I liked that programme Further Back in Time for Dinner because it's a bit like an old schools programme back from when I was a kid, called How We Used to Live, mixed together with a cookery programme, topped off with a sprinkling of likeable family (the Robshaws).
The last series of FBITFD used a terraced house just up the road from us near Wandsworth Common. Did you see how much meat they ate in the Edwardian era? It was meat, with meat, with meat on the side. Strange how food goes out of fashion. Who decides? Remember luncheon meat? Spam? Vesta curries? No, me neither, but lots of my friends do because they're older than me (ha ha) and they talk about them with great affection. You don’t see people eating luncheon meat nowadays although I do know plenty who eat ‘rillettes’ which I reckon is the modern-day equivalent, just a load of bits off the slaughterhouse floor, shoved in a jar.
It’s incredible what we used to feed children in the old days. In Britain in the 70s we all lived on rosehip syrup and Alphabetti Spaghetti, fresh fruit and veg was an alien concept. Someone I know says he’ll never forget being served marmite fritters on his first night at boarding school: white bread, smothered in margarine, with marmite on top, deep-fried. Try explaining that to a skinny French lady. No wonder British children can be so self-restricting. When he was little my little brother ate nothing but breakfast cereal, Frosties mostly, and we had a neighbour, a scrawny Artful Dodger sort of a kid, who ate nothing but prawns for six weeks. And that was before prawns were invented round our way.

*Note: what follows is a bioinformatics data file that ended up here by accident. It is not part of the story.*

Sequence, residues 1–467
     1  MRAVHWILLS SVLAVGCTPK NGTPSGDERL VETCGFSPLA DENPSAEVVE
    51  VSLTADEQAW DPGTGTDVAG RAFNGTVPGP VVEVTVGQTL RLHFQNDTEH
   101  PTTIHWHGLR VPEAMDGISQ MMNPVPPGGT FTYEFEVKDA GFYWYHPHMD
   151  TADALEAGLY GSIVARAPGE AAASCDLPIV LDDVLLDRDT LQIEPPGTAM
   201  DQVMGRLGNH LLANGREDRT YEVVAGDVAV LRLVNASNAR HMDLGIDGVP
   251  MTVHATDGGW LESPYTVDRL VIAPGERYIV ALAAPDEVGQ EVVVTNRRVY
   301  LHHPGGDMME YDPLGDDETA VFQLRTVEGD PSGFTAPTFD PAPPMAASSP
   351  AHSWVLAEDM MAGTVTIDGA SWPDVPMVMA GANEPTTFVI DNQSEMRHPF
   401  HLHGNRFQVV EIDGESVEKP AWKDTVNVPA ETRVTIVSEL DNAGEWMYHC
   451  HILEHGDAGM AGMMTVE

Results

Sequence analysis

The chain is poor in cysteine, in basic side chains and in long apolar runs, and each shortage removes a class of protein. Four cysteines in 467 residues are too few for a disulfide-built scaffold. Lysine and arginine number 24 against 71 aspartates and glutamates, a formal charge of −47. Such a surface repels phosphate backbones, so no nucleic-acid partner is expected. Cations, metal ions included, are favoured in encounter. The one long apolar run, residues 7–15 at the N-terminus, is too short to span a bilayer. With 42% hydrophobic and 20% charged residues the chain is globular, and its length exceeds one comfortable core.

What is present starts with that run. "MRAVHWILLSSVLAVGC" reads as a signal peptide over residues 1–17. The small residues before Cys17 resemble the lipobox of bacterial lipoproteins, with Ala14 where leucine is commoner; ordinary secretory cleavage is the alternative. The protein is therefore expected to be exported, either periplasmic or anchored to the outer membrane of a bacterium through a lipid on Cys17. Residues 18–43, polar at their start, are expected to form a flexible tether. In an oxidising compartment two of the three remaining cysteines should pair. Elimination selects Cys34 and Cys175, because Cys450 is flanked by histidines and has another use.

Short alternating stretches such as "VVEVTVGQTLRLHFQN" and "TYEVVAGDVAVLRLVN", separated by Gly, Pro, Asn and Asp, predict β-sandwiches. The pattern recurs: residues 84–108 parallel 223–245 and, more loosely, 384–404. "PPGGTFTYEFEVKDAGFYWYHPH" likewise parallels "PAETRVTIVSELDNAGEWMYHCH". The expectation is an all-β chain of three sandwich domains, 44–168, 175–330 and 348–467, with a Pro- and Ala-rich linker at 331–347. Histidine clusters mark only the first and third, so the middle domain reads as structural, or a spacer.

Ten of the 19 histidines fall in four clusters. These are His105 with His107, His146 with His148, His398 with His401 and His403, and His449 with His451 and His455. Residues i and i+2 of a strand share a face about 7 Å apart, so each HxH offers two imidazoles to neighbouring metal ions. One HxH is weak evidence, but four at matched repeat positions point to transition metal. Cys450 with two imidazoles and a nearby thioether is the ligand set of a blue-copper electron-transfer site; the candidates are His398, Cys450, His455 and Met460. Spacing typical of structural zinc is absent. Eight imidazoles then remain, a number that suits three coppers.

Fifty shades of pasta.
It's a cliché to say that cooking for people is an act of love, but it’s true. I certainly love to cook for my family. One son told me in the heat of an argument once that my cooking isn't as good as I think it is, because he knew it would wound, which it did. Mind you, another son recently said the opposite. "Every night's like a dinner party round here," he pronounced. But perhaps those two comments tell you more about the sons than about my cooking.
The other son only wants nuggets and chips, so currently I'm doing a popular line in a homemade version using free range turkey because now we're told turkey is good for us, it's a 'superfood' apparently. So here's the recipe, Nora Ephron-style. Cut up and bash the meat flat with a rolling pin, dip it in egg, roll it in natural bread crumbs mixed with Cajun spices, lightly fry in oil. I use rape seed oil, which is also having a bit of a moment in the sun. Serve with purple sprouting broccoli or kalettes (that's baby kale to you plebs). And chips.
Love E x